Saturday, October 29, 2011


Just after Opal was born, I made a sport of lying in bed at night while envisioning what she would look like when she was older: 6 months, 9 months, 1 year. On the adventurous (or just plain sleepless) nights, I'd allow my mind to wander to the image of my baby sitting upright, maybe with teeth and walking, but my imagination couldn't carry me much beyond that. It was next to impossible back then to conceive of what life would look like by the time she reached her toddler years.

Now here she is—a wildly beautiful, full-throttle toddler-version of herself.

It recently occurred to me that no era of her life is immune to slipping through my fingers as does the fine, silken hair I'm constantly ruffling on her head. There will never be an age she'll hold on to indefinitely or a period she'll have the means to blatantly skip. She is on a journey with her very own, completely perfect rhythm that pulses forward as steady as the ticks of a metronome. And this rhythm cannot be tampered with: no rewinding, no speeding forward, no freeze-frame.

The gradual progression of life is so apparent when there's a child involved. As an adult, it's easy for notable-life to pass by in bulk chunks: the 4 years I was in college, the 3 years I was at my job, and so on. But the act of watching a child grow and develop physically, mentally and emotionally offers the endless reminder that so much is happening inside the smaller shreds and dashes of time.

I can't help but to consider that perhaps our grandest moments of success are not so much born from fireworks and foghorns as they are carefully and quietly germinated within a substantial collection of minutes and seconds.

Tuesday, October 25, 2011

Opal's 2nd Birthday!

This year, Opal was old enough to know her birthday was approaching days before it actually arrived. What's more, she was old enough to know what a birthday is, having sung to multiple family members over the phone. She has also celebrated birthdays for many of her stuffed animals using a a shoebox with a gingham napkin and an LED candle, to switch off at the appropriate time of having been blown out. Cued by phrases like "How old is Opal going to be?" and "Who's birthday is coming up?" she learned to reply with gusto: Two ones! and Opal's birthday!

We brought up her new wooden kitchen from downstairs while she was sleeping the night before, something that stirred in me a hearty dose of sentimentality for how many times my parents had done the same for me. We covered it in a sheet with ribbons and bows. Colorfully wrapped gifts from Ama—wooden foods and pans, a pre-sliced felt pizza—were arranged artfully beneath it. Ama, who had flown in from Ohio for the occasion, woke early to be ready when the birthday girl emerged from her bedroom with feety-pajamas and bedhead. The adults of the house were giddy as hell that morning and nearly pounced on Opal's bedroom door when sounds of intelligent life emerged from the baby monitor.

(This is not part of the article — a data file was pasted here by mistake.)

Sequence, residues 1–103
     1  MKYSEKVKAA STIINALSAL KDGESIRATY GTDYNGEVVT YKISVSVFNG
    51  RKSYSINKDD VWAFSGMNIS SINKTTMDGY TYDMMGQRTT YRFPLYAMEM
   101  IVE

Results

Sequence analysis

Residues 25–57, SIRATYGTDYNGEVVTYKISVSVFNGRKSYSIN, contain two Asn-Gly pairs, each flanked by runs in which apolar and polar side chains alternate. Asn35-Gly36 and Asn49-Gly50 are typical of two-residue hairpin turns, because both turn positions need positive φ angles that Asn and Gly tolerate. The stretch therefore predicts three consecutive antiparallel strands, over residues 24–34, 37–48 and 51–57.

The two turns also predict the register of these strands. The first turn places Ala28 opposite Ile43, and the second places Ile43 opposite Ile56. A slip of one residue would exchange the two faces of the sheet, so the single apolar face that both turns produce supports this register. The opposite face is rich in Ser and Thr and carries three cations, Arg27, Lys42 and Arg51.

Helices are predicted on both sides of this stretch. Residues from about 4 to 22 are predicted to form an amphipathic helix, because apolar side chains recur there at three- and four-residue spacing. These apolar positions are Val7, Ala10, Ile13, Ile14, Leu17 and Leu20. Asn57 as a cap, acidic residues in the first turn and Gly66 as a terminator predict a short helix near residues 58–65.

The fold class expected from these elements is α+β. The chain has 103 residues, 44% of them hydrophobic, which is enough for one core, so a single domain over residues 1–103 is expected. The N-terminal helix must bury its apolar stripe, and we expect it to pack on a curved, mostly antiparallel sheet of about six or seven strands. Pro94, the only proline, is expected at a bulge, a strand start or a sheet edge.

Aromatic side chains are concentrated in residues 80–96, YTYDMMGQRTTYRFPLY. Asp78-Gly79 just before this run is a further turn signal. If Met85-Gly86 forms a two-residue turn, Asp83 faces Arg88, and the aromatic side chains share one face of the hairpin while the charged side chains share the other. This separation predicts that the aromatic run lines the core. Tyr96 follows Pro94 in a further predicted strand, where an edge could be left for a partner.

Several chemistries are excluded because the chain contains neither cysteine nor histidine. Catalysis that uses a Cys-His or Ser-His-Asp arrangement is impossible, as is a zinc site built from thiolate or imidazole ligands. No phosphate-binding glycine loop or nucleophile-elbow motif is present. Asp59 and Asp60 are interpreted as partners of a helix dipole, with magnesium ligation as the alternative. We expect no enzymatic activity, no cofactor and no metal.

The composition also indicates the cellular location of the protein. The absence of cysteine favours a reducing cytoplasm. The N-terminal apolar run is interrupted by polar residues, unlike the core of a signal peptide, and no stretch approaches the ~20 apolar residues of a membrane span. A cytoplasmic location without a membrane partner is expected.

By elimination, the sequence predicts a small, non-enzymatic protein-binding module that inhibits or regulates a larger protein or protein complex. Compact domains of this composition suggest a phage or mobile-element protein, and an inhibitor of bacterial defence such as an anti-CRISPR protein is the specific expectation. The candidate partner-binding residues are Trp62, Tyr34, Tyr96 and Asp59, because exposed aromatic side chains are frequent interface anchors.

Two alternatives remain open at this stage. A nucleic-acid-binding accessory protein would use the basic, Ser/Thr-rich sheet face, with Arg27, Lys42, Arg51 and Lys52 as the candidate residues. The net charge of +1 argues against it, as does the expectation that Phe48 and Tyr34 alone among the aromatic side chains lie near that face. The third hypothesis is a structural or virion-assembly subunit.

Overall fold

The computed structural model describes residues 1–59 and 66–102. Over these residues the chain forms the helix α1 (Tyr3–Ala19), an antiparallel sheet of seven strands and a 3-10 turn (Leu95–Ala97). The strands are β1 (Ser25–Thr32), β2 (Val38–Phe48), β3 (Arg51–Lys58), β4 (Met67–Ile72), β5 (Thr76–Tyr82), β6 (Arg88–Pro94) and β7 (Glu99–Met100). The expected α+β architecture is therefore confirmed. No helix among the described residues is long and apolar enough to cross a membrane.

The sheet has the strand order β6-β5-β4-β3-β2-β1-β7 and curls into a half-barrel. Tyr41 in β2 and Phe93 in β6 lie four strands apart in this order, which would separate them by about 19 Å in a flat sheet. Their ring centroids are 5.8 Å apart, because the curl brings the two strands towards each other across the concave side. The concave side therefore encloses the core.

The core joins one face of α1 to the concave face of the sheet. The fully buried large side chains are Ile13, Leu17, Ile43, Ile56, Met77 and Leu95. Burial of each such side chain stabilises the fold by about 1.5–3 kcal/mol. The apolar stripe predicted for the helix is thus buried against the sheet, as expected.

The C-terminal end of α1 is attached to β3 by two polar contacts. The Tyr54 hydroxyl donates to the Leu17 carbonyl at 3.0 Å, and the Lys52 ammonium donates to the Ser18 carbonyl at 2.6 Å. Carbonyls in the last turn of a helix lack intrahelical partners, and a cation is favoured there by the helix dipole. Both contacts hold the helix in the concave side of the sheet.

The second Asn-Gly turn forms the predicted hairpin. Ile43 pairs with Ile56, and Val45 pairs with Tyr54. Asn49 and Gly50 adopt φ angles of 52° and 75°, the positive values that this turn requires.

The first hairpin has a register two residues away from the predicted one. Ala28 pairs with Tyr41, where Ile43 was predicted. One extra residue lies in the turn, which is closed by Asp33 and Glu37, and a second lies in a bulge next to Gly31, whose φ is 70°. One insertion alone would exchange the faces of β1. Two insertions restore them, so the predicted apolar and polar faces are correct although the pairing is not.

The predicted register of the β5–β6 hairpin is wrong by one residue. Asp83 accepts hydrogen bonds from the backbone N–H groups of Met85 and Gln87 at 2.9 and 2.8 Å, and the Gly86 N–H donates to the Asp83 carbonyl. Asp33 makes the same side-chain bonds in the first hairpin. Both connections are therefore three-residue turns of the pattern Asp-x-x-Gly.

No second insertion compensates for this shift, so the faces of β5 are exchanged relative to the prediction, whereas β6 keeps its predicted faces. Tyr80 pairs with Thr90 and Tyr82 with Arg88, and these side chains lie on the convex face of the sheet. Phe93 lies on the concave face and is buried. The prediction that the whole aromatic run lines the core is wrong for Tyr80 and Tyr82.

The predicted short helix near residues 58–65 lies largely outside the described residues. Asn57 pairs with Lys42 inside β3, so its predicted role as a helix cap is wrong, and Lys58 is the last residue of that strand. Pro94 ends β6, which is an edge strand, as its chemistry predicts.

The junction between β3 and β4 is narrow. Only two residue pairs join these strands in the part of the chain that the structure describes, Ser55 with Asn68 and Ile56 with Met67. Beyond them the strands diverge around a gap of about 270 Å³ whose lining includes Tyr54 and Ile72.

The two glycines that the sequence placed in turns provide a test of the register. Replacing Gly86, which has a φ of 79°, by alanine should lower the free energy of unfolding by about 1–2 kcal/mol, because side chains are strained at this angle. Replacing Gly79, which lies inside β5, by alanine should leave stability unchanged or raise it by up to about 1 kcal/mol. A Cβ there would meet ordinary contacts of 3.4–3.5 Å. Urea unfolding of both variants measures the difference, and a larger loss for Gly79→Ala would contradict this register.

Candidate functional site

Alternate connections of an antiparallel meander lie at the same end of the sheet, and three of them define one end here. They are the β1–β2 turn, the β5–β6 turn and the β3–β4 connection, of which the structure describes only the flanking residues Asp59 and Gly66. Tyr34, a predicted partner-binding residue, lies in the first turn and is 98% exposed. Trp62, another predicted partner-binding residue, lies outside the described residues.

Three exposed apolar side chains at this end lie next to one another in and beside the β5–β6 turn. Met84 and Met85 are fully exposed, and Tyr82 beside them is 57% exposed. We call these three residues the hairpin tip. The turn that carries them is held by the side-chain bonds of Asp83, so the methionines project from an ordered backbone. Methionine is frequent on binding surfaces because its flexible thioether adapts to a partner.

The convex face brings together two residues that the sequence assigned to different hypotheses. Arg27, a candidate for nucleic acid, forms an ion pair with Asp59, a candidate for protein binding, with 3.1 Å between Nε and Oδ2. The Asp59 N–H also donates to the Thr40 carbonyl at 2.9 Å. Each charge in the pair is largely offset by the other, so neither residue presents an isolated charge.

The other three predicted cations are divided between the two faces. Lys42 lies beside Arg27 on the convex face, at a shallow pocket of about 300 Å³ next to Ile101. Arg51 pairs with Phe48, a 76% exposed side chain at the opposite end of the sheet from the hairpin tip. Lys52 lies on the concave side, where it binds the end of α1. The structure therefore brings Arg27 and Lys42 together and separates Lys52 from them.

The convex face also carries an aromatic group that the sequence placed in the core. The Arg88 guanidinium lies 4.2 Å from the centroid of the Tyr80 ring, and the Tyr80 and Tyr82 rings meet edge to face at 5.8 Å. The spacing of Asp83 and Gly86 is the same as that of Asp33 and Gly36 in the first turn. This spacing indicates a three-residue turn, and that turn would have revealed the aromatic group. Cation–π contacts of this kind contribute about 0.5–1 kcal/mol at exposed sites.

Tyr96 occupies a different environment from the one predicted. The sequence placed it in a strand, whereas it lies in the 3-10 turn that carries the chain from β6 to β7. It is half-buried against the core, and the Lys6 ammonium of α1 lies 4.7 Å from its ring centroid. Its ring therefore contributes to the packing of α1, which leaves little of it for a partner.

Jesse and I went in together, singing Happy Birthday and tugging on one another like schoolkids hopped up on soda.
She took one look at us and started to cry.

In spite of this minor blip in the start to the day, it didn't take long for her to get a feel for this whole birthday festivity thing.
Blueberry pancakes? Well sure!
Gift after gift with my name on it? Sign me up!

We spent the whole morning playing Cafe' Opal in her new kitchen while sipping tea and coffee (ours was real, hers pretend) and listening to a stream of perky and shockingly nostalgic—The Muppets, Mary Poppins—children's music on Pandora. Occasionally Opal took a break from one thrilling game to climb into another one.

There are times when it feels like such a luxury to have no place to be. This was surely one of those times. We were on the floor in our pajamas, all of us, playing for hours until it occurred to someone that lunch may be a good idea. Three generations interacting as peers in the world of play and imagination, negotiating menu options for Clifford and Golla and discussing table settings in earnest. We cooked, brewed, arranged, conversed (with each other as well as through the stuffed-animals) as purposefully as though we were planning Thanksgiving for a score of friends and family.

We joined forces with our wonderful Boulder family—Grammy, Grampy, Alex, Will, Jamie, Dave and Lucy the doggy—to continue the festivities in the afternoon after Opal's nap. Opal got kid-friendly musical instruments and scarves from Grammy and when the music of Johnny Cash and Ray Charles filled the room, an impromptu dance party immediately ensued. We later went out to play in the neighbor's leaves and test the new Strider bike Opal got from Grampy! The day eventually concluded with cupcakes and ice cream, both firsts for Opal even though she'd been talking about ice cream for weeks before her birthday. She didn't so much enjoy its coldness, however, so she saturated the cupcake in the sweet, melted puddle it made on the plate. (I used to do that!) A woman of refined tastes, to be sure.

The next morning, we celebrated further with some of Opal's little friends who have birthdays very close to hers.

The weekend was a veritable love-fest. We sang, we ate, we danced, we played. We all-out roistered in honor of this little girl who has brought so much joy, delight, spontaneity and technicolor vision to our lives. It's as if, upon arrival, she tore down the drapery from all our eyes and declared Good Morning to you all!

And she does it again and again.

Saturday, October 22, 2011


The other night as Opal and

I sat in her rocker,

buried in a mound of stuffed animals and books

and reading The Very Busy Spider,

something struck her fancy and

she began to laugh.

And laugh and laugh.

I caught it upon contact,

the laughter, and there we were

like two birds squawking on a branch,

seamless in our feathered delight.

As the sky faded to a reflective black